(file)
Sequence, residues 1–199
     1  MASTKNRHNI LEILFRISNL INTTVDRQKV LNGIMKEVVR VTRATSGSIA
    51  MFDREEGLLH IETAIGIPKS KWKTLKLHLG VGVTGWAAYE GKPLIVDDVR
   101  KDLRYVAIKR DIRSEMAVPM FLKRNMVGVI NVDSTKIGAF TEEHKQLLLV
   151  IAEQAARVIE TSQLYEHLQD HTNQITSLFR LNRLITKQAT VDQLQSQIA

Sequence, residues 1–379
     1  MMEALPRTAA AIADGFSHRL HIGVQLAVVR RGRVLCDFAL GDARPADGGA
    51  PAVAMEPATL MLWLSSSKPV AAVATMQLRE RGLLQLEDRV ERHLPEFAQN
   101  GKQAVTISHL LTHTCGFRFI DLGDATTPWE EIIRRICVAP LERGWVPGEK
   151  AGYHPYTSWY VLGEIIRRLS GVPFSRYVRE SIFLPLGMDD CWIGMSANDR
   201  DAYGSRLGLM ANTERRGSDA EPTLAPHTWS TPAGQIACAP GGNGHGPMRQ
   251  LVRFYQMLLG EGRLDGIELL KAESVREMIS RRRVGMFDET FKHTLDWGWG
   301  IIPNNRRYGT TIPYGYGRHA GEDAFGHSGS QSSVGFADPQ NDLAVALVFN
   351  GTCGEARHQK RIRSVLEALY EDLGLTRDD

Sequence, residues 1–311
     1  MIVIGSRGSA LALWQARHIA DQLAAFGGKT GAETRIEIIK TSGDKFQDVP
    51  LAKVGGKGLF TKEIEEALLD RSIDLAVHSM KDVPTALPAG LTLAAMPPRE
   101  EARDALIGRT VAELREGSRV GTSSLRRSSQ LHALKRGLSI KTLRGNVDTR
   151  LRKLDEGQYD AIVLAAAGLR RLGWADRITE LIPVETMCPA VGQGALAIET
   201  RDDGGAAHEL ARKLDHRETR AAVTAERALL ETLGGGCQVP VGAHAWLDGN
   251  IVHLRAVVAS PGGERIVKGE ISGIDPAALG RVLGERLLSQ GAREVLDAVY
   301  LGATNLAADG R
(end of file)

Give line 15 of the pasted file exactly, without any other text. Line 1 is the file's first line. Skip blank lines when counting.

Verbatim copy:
Sequence, residues 1–311